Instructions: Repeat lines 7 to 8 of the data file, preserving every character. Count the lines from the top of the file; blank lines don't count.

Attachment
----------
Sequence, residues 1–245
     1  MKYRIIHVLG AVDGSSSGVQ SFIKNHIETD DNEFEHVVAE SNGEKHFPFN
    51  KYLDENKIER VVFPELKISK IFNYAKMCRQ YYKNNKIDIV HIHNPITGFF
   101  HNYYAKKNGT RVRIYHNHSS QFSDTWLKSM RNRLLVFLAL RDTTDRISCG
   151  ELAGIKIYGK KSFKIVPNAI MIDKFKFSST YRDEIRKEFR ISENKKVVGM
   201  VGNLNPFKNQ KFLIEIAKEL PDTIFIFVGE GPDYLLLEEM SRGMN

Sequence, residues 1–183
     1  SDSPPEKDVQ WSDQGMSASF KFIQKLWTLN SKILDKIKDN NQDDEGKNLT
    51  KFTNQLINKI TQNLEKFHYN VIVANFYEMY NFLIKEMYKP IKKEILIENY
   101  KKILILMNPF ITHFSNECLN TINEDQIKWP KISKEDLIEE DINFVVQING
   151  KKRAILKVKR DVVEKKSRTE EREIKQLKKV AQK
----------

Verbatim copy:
Sequence, residues 1–183
     1  SDSPPEKDVQ WSDQGMSASF KFIQKLWTLN SKILDKIKDN NQDDEGKNLT